• Which partner is allocated a liability depends on whether the partners are general or limited partners and whether the liability is recourse or nonrecourse. In a general partnership, the general partner is allocated liabilities.  The Tax Court has held that although not a general partner, a partner’s “guarantee of an otherwise nonrecourse debt places each guaranteeing partner in an economic position indistinguishable from that of a general partner with liability under a recourse note—except that the guaranteeing partner’s liability is limited to the amount guaranteed.”  Abramson v. Comm’r, 86 T.C. 360, 374 (1986).
  • A partner bears the risk of economic loss for a partnership liability if the partner would be obligated to make payment to the creditor if the partnership were constructively liquidated. Reg. § 1.752-2(a) and (b)(1).  In a constructive liquidation, all of the following events are deemed to occur simultaneously:  (1) all of the partnership’s liabilities become payable in full; (2) all of the partnership’s assets (except property contributed to secure a partnership liability), including cash, become worthless; (3) the partnership disposes of all of its property in a fully taxable transaction for no consideration; (4) all items of income, gain, loss, or deduction are allocated among the partners as of the date of the constructive liquidation; and (5) the partnership liquidates.  Treas. Reg. § 1.752-2(b)(1).  A partner’s obligation to make a payment on the debt is based on the facts and circumstances and includes any statutory or contractual obligations.  Treas. Reg. § 1.752-2(b)(3).
  • Reg. § 1.752-2(j)(1) provides that the obligation of a partner may be disregarded if “facts and circumstances indicate that a principal purpose of the arrangement between the parties is to eliminate the partner’s economic risk of loss with respect to that obligation or create the appearance of the partner or related person bearing the economic risk of loss when, in fact, the substance of the arrangement is otherwise.”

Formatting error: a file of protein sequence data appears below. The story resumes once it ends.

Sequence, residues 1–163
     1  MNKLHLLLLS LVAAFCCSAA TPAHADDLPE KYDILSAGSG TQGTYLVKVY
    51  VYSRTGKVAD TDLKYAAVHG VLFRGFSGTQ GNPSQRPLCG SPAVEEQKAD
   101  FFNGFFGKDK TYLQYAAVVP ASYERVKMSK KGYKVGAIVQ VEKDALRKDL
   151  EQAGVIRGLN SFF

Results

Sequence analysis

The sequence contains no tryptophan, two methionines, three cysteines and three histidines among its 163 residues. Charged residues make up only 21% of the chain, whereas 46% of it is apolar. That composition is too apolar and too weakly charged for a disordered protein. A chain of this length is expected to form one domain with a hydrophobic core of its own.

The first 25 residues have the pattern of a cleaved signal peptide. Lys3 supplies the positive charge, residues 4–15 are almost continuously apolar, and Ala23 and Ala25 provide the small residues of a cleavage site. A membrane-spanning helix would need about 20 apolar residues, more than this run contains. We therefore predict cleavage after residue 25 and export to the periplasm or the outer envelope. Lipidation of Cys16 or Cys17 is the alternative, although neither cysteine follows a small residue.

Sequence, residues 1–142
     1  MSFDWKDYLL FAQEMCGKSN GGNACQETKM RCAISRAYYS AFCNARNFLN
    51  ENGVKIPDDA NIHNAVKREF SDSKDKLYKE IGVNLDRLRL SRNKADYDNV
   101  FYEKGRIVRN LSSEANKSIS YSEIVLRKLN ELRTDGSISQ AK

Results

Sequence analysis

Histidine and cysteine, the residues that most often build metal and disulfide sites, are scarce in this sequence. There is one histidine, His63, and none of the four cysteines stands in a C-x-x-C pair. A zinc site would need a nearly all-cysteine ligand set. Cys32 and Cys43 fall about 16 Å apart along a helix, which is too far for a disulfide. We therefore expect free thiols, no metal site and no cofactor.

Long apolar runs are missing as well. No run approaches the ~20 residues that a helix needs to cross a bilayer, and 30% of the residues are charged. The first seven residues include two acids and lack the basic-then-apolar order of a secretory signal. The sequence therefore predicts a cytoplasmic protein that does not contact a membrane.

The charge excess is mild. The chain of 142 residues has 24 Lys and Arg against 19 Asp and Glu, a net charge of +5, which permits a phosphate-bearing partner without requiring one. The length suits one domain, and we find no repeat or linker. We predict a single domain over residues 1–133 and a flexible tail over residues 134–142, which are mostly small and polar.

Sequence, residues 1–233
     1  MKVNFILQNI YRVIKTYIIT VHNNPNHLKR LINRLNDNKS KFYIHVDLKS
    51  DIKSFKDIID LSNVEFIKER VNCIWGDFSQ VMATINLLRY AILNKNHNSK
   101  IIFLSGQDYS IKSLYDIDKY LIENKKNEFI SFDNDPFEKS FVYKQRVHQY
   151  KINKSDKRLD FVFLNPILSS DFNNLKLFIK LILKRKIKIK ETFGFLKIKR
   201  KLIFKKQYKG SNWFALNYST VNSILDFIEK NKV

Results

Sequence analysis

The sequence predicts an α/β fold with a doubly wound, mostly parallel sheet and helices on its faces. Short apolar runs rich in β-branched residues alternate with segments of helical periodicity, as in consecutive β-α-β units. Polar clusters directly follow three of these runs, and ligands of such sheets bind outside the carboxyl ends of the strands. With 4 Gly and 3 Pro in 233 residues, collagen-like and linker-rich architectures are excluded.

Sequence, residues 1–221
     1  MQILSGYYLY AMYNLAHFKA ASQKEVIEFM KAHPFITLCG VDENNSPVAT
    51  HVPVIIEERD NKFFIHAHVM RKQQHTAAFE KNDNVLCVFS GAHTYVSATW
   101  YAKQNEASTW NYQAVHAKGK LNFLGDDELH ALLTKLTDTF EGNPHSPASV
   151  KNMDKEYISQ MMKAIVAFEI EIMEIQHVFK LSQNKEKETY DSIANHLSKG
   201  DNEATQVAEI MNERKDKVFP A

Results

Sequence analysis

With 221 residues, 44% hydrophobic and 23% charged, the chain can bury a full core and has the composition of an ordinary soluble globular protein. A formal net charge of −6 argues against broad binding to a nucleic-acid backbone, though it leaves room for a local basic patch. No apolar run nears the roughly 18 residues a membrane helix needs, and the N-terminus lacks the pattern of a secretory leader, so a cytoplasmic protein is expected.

• The doctrine of substance over form embodies the concept that the economics of a transaction, not just the formal paper steps, should determine its tax treatment. The doctrine arose in Gregory v. Helvering where the Supreme Court considered a transaction that complied with the text of the Code, but not its intended purpose.  The Tax Court uses the doctrine of substance over form to “determine the true nature of a transaction and appropriately recat it for Federal income tax purposes.”  However, the court uses these principles “only when warranted and generally respect the form of a transaction.”  The doctrine of substance over form is applied to prevent taxpayers from mislabeling transactions to achieve a desired tax consequence.  See Benenson v. Comm’r, 910 F.3d 690, 699 (2d Cir. 2018).

InsightTribune shows that the IRS will, in certain cases, attempt to attack taxpayer transactions with anti-abuse regulations and substance-over-form arguments.  Taxpayers who enter into transactions should involve tax counsel early on to ensure that the desired tax effects of a given transaction are respected for federal income tax purposes.

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Mr. Freeman is the founding and managing member of Freeman Law, PLLC. He is a dual-credentialed attorney-CPA, author, law professor, and trial attorney. Mr. Freeman has been recognized multiple times by D Magazine, a D Magazine Partner service, as one of the Best Lawyers in Dallas, and as a Super Lawyer by Super Lawyers, a Thomson Reuters service.
He was honored by the American Bar Association, receiving its “On the Rise – Top 40 Young Lawyers” in America award, and recognized as a Top 100 Up-And-Coming Attorney in Texas. He was also named the “Leading Tax Controversy Litigation Attorney of the Year” for the State of Texas” by AI.